Christian groups have marched in the Haitian capital to denounce rampant violence
U.S. Sanctions Haitian Leaders For Drug Trafficking And Human Rights Abuses Photo by: AFP/Richard Pierrin

Haiti’s 10 remaining senators saw their terms come to a close this week leading the country's political crisis into a deep spiral of violence and instability. The Caribbean nation woke up Tuesday stripped of its last democratically elected Senate overnight after Haiti failed to hold legislative elections since October 2019. While some have called it a de facto dictatorship, a surge in gang violence has now wrapped the country in chaos as the 10 senators exited the legislative institution leaving Haiti without a single lawmaker.

The remaining senators symbolically represented 11 million Haitians who have seen the rise of organized crime groups running unchecked since the assassination of President Jovenel Moise in July 2021.

In the capital city of Port-au-Prince, the Parliament building stood deserted on Tuesday, with just a handful of security guards manning the gate. Other institutions that have been non-functioning, such as the Supreme Court and the electoral commission building, are now also in a similar state of abandonment, the Associated Press reported.

Prime Minister Ariel Henry, the nation’s de facto leader, failed to hold general elections despite having pledged to do so over the last year. On Jan.1, Henry promised to restore the Supreme Court along with a provisional electoral council to set a date for elections. However, no timeline was provided by the Prime Minister.

Alex Dupuy, a Haitian-born sociologist at Wesleyan University said the country is sitting in a very grim situation comparable to the bloody dictatorship of Jean-Claude “Baby Doc” Duvalier. Duvalier fled Haiti in 1986, which marked the last time the nation was bereft of elected officials. Dupuy remarked on how there are no powers to check Henry’s decisions.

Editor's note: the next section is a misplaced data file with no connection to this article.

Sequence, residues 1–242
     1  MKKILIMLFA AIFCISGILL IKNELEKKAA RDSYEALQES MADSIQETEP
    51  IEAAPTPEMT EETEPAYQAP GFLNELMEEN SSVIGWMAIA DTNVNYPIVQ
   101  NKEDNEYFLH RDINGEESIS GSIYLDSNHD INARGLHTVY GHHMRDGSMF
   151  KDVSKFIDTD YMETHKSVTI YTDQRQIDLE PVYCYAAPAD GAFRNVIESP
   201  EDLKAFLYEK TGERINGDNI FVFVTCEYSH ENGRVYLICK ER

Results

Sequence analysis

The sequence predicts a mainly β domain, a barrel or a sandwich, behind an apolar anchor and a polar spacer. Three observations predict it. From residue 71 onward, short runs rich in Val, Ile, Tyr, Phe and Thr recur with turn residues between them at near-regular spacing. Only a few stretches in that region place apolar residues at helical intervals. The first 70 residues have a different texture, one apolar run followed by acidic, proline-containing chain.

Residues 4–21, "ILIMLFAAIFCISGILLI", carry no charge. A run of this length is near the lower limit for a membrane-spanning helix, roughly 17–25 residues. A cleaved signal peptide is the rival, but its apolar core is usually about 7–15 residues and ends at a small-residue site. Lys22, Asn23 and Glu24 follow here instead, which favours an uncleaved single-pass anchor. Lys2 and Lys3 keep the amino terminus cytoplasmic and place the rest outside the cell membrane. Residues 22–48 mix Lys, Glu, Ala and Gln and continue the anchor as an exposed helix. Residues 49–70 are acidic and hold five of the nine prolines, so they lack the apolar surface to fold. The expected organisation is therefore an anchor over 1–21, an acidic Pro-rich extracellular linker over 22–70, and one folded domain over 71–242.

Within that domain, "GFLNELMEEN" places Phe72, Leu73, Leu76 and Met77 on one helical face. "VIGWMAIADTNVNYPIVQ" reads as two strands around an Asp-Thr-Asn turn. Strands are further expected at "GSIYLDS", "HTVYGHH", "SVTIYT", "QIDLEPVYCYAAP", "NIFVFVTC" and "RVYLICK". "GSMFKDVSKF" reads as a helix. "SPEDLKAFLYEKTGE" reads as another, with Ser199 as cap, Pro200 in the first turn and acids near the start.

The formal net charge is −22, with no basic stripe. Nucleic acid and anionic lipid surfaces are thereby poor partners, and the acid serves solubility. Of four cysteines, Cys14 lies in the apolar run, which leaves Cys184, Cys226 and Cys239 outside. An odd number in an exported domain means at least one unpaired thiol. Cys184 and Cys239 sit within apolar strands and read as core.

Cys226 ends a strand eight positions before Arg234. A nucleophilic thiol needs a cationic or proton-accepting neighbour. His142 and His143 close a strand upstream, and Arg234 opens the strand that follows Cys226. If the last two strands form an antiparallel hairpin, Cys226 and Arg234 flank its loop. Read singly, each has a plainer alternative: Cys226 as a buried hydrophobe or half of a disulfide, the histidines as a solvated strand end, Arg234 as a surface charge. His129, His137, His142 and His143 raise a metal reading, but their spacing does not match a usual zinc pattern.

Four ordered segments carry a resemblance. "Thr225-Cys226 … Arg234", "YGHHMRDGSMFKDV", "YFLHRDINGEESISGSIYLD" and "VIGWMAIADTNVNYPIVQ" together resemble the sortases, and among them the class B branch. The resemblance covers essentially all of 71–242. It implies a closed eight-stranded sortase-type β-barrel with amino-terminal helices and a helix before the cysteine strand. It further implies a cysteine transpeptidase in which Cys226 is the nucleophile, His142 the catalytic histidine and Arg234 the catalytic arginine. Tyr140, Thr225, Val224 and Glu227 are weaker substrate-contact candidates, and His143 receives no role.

“As long as that situation continues, Henry is going to be behaving like a dictator,” he pointed out.

In December, the U.N. Security Council was briefed by Haiti’s appointed U.N. special envoy, Helen La Lime, on the alarming levels of gang violence overtaking its national police force which come up to only 9,000 active police officers. The gangs resort to kidnappings as a means to fund operations as experts say these gangs control 60% of the capital city. One of Haiti’s most powerful gangs took over a key fuel terminal in October last year, but the U.S. and Canada had only responded by implementing sanctions, despite Henry’s request for foreign troop deployment.

Haitians continue to flee the country by plane and boats, risking their lives to cross borders in search of safety and economic security. The Bahamas and Florida saw the influx of migrating Haitians, however, the Biden administration managed to intercept thousands of illegal immigrants and sent them back to Haiti.

Haitian Prime Minister Ariel Henry
Haitian Prime Minister Ariel Henry -- pictured at a press conference in Port-au-Prince on January 6, 2023. Photo by: AFP/Richard Pierrin

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